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Tuesday, 19 March 2019

Standedge Tunnel to Upper mill on the Huddersfield Narrow Canal...

If you've been following this rubbish I write, you'll know that Standedge Tunnel has been hanging over me for weeks. In a way it's been a positive thing as stressing about that coming up, has forced my brain not to obsess with Joyce's death.  The grieving process continues (strangely) and whilst it's now a little over 2 months since she died, something happens or a thought creeps in and I 'm back in the moment and a gibbering wreck.  Apparently, you need to get past a year of anniversaries before things 'feel'better.... right now that seems a long way ahead and I can't find the fast forward button.

Whilst on the subject of mother's death, I have to say, I WISH pubs,TV and shops would not go all out for the upcoming mothers day ... selfish of me I know but it just feels like they're rubbing salt into my open wounds right now ... commercial self interest on their part being the driving factor NOT the "nice Mothering Sunday" we learned about in primary school - where you spent hours MAKING something for your mum (that she invariably hated but loved the effort) ....instead these days it's all about "the perfect bought gift"... Still, looking on the black side, I suppose I can offset the cost of the freesias I've sent for the past umpteen years against the car hire and speeding fine for the funeral... the speeding fine which finally came through after I declined the 'speed awareness' course... oh I forgot to add - when you speed in a hire car, you ALSO get shafted by the hire -company who charged me another 40 quid to "pass on the letter" - b**tards.

ANYWAY - let's put all that behind us for a while - at least until the next time I'm feeling sorry for myself at least!

Gosh I'm waffling today - sorry...SO, Sunday afternoon we were still moored above lock 42E waiting for after 5 (when the trip boat stops running) to go up to the tunnel entrance... when bugger me, we noticed we were listing... - another boat (that we'd passed moored further down the lock flight) was on it's way up to the tunnel... I'm not good at 'breaking rules' so we waited to the allotted time - my thinking being that I really didn't want to have to reverse back out round the right corner instructed by crt to do so. 

AT the correct time, we chugged round and tied up for the night outside the cafe (which btw is currently closed for a refurb) .  It's not a very quiet place to moor - what with the train line being SO close AND the water gushing down the Colne over the railway - suffice to say when morning came, we awoke bleary-eyed and a little fractious - MORNING which btw was bloody chilly as we'd needed to let the fire go out overnight ) - Daft ginger here, didn't think to alter the heating timer to come on earlier so as a result, 7 am yesterday morning saw us up and about on a cold (but getting warmer) boat.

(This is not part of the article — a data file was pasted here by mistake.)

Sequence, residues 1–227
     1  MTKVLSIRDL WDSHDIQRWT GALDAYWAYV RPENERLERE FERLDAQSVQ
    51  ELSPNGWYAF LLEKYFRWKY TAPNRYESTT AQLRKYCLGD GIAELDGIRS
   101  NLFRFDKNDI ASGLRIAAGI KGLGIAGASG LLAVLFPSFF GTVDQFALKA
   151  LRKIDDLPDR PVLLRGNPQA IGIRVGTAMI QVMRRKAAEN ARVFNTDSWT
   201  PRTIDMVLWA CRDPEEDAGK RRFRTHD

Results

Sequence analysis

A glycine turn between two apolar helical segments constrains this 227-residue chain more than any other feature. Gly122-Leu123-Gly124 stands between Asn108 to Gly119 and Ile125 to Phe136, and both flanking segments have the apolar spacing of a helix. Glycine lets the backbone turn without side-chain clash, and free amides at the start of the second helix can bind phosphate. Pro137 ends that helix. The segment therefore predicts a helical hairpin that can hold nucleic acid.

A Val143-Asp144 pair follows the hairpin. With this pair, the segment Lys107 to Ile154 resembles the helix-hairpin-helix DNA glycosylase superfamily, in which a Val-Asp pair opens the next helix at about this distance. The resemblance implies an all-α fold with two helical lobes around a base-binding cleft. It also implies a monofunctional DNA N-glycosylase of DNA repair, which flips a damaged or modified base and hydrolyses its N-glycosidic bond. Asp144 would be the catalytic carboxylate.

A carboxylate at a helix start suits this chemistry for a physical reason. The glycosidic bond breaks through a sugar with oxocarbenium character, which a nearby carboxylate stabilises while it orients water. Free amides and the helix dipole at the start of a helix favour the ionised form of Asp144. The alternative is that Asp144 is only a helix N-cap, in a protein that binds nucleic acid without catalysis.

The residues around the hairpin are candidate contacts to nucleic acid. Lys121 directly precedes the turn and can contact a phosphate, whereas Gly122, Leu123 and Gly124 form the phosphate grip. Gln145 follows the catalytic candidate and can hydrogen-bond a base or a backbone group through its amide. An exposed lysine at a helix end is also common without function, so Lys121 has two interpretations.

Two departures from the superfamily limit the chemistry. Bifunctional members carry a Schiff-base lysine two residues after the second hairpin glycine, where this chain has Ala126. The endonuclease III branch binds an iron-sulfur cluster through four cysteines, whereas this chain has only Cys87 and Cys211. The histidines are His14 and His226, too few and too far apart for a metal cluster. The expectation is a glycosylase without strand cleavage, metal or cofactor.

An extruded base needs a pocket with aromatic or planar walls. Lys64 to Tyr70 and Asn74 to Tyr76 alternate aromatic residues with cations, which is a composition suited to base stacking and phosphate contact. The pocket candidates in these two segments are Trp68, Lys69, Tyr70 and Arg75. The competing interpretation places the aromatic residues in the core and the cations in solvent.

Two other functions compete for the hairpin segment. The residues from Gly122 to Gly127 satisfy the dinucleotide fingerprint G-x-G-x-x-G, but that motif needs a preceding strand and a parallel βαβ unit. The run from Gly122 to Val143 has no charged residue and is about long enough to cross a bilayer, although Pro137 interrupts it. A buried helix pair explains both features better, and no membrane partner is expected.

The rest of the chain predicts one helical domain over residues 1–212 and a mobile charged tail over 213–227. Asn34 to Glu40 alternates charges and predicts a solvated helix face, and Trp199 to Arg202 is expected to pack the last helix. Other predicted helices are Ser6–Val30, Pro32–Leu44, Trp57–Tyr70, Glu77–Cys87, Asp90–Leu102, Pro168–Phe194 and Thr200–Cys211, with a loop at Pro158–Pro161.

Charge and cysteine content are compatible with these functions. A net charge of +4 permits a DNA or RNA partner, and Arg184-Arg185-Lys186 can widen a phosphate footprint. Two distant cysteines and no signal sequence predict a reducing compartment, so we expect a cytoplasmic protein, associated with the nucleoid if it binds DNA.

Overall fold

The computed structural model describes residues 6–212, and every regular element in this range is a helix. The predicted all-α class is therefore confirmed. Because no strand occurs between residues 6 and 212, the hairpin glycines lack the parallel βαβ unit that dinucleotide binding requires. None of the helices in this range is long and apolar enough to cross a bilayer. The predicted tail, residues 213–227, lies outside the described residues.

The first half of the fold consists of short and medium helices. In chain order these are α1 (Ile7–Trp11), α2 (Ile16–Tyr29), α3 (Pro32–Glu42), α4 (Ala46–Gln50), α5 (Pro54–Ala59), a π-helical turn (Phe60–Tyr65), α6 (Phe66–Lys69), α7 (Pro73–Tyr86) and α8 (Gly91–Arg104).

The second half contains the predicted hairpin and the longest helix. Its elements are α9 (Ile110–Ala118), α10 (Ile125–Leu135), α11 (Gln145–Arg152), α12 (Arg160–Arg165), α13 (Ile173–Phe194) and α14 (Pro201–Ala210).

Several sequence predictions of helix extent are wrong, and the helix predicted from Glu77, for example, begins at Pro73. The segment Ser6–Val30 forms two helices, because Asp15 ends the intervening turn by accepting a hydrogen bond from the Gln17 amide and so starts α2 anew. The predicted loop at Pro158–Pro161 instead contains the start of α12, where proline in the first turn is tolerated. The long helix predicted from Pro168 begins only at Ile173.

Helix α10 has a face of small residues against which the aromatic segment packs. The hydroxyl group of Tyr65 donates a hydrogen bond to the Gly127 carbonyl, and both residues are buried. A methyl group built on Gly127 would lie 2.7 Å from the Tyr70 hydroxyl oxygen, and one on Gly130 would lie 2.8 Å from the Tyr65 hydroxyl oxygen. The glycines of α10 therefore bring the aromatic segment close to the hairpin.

In true 'Ellis luck' it shortly transpired that the chaperone who was due to come through with us had phoned in to say he couldn't make it due to an injury.  This meant we had to wait for the first chap to fully transit and then get a lift back over the hill to go through again with us.  

We left the heating on, topped up the water tank and then retreated back indoors to watch an episode of Benidorm on Netflix... 

At about 11, Trevor returned from his passage - along with a trainee volunteer ...who would be coming through with us if that was OK.  No problem - everyone has to learn somehow...  although in hindsight, it would have been easier for me at the helm, had there just have been the 1 fellow there...no matter - they were both lovely chaps and their presence served to distract me from my claustrophobia

.

BEFORE we could commence our journey into hell transit, they needed to take 'Ellis's' vital statistics.

It turned out we were 6ft 6 wide, 6ft 2 tall (to the top of the solar panel brackets in the middle) - our official draft is 24 inches but they measured 26 (I had 29 to the bottom of the skeg when I did it) and ...actually I've forgotten the width at the top of the boat - I DO remember it being a few inches short of the max allowed dimensions so that was lucky...  a few inches that BOY did we need!!!

NOTE TO SELF - to achieve the 6ft 2 at the front, we need to have: a full water tank... a 3/4 full 'black-water tank' 100kg of coal in the well deck, lots of wine under the bed, and ALL the planters off the roof rammed in the bow - that'll be fun to replicate in August!


Having ticked all the boxes, off we went.  Me at the helm and Andy bobbing up  through the hatch as there wasn't space due to the trainee chaperone.

As has been said by others, there is NO WAY the helmsman can actually take photos during the journey - you have to concentrate on the pointy end SO much, it makes you need a wee.